MPs urged to reject removal of civil liability in health and safety law

MPs urged to reject removal of civil liability in health and safety law in the Enterprise and Regulatory Reform Act in Common today.

“The Hazards Campaign urges MPs to follow the Lords and reject the clause inserted into the Enterprise and Regulatory Reform Act that removes civil liability from the Health and Safety at Work Act, when it comes back to the Commons for debate today. This clause was inserted into the Act at the last minute, by the Department of Business Industry and Skills, without any consultation or supporting evidence. It will make it far harder for workers to gain compensation to which they are entitled when through no fault of their own; they are injured or made ill by their work, as the bar of proof will be set unfeasibly high. Instead of being able to rely on breach of a statutory duty by their employer as some evidence of negligence, workers will have to prove forseeability, a tough task at a time exacerbated by cuts in legal aid.   It must also be remembered that less than 10% of workers who are injured or made ill actually receive any form of compensation, so there is no actual compensation culture, just employers’ misperception, and a bad reason to change the law.  This is not redressing the balance but penalising workers and giving unscrupulous employers free rein by removing access to justice. It is a scoundrel’s charter that will harm more workers and shift more cost to the public purse by letting bad employers get away with it.” Said a Hazards Campaign spokesperson.

The arguments for removal of civil liability from health and safety regulations are not based on evidence or reality, but according to Lofstedt Report, on ‘the belief of employers in a ‘compensation culture’ has an impact in driving over-compliance with health and safety regulations’. The government’s claim that this clause is implementing Lofstedt’s recommendation on ‘strict liability’ is also false as it covers all civil liability: In his report assessing how the Government was implementing the findings of his review, published in February 2013, Professor Lofstedt stated that the Government had gone much further than he proposed. His report said “My understanding is that the proposed amendment to the Health and Safety at Work Act reverses the current position on civil liability. This means that, unless exceptions apply, claims for compensation in relation to breaches of health and safety legislation will need to prove that the employer has been negligent. The approach being taken is more far-reaching than I anticipated in my recommendation.”

There has always been a widely accepted fair balance in health and safety regulation between different types of obligation, and the majority are qualified by reasonable practicability but including some that are strict, since the Factories Act 1937.  In fact there are very few cases where compensation cases are taken on the basis of strict liability which is why the Lofstedt report had difficulty in identifying any. It also explains why the Government has introduced an amendment that goes beyond strict liability and would, as it stands, apply to civil cases involving breaches of statutory duty under workplace regulations.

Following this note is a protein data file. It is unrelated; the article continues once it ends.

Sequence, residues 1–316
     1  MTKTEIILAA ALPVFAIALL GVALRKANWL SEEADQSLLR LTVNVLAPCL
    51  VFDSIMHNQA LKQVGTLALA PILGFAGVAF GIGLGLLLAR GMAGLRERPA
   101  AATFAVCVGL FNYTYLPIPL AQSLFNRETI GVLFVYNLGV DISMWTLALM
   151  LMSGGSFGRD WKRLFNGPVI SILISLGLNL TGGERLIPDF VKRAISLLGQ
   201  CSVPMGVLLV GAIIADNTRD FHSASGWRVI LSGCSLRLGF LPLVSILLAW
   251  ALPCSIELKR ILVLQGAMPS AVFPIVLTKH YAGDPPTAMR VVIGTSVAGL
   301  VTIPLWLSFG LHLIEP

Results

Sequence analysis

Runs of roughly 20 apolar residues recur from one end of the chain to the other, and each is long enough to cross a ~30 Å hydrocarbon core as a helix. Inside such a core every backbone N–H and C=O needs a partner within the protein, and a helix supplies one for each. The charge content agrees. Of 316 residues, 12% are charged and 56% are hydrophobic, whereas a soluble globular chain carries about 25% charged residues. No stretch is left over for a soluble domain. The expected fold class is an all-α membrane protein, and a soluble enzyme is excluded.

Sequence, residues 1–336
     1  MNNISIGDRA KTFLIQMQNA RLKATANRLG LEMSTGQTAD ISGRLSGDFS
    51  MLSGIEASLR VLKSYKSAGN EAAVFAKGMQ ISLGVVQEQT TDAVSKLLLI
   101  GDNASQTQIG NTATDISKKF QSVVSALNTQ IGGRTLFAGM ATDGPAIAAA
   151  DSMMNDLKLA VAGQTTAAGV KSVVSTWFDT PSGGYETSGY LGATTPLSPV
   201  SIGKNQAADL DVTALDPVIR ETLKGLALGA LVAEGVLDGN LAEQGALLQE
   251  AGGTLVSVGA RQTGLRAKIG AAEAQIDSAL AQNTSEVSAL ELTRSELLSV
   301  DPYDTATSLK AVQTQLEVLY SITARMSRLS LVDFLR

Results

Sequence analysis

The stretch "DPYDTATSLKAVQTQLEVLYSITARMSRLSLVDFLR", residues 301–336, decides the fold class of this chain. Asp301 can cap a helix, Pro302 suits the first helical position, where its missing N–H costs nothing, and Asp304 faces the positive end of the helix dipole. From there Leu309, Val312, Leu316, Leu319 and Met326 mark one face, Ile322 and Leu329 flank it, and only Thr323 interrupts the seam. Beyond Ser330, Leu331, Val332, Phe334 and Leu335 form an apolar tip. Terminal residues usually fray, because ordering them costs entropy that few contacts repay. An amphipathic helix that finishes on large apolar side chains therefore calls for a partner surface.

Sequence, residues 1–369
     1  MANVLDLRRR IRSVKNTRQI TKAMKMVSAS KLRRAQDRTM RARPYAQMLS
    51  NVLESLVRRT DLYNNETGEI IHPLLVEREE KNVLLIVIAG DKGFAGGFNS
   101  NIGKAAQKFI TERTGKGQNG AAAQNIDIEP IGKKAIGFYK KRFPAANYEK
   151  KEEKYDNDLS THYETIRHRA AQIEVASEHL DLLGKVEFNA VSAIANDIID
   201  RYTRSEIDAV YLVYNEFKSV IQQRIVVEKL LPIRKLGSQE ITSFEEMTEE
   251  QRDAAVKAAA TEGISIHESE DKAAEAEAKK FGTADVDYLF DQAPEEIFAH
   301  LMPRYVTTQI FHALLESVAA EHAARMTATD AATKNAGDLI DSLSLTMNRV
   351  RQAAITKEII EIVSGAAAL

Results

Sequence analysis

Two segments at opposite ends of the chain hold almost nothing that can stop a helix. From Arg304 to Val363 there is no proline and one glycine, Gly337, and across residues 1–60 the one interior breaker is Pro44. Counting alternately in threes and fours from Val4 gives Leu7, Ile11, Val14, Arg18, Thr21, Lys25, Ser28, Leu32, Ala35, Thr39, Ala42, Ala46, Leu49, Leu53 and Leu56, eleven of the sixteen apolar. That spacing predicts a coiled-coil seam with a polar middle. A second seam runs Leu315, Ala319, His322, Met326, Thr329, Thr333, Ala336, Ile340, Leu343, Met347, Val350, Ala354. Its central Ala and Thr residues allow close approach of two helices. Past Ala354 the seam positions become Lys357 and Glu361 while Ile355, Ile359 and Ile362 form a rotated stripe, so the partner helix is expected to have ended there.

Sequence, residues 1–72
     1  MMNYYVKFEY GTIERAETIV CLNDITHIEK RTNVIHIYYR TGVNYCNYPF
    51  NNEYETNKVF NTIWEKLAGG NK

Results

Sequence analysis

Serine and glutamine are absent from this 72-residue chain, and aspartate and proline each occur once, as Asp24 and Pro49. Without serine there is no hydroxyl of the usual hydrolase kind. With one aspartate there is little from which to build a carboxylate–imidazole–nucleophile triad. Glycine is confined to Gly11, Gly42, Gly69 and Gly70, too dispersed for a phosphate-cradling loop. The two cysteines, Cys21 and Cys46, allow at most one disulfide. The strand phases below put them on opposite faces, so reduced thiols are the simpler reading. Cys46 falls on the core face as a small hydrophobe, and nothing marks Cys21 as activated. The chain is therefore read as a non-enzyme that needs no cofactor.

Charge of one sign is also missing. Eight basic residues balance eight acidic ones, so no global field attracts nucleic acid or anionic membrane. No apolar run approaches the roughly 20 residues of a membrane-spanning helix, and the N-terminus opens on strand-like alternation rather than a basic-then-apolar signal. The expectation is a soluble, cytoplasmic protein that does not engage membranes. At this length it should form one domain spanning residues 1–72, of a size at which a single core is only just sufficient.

Lords calling for the removal of the clause labelled it ‘ugly’. Lord Stevenson said “The requirement to prove forseeability is a very high bar of proof for an individual injured, or killed through no fault of their own. There has been no consultation on this proposal, and what is being proposed goes further than the recommendations made in this area by Professor Lofstedt”.

Lord MacKenzie agreed adding that the changes will “ assist the unscrupulous to ignore health and safety law by reducing the chances of successful civil action. That is going to lead to more workplace injury in the future”. Lord MacKenzie also said that an injured worker is highly unlikely to know about the history of work equipment or be able to investigate whether the employer was at fault. He added that this change in the law would not only shift the balance of power dramatically against employees, but that litigation would become more costly, time consuming for everyone,  and employers would not benefit.”

For more information contact the Hilda Palmer, acting Chair of Hazards Campaign 0161 636 7557



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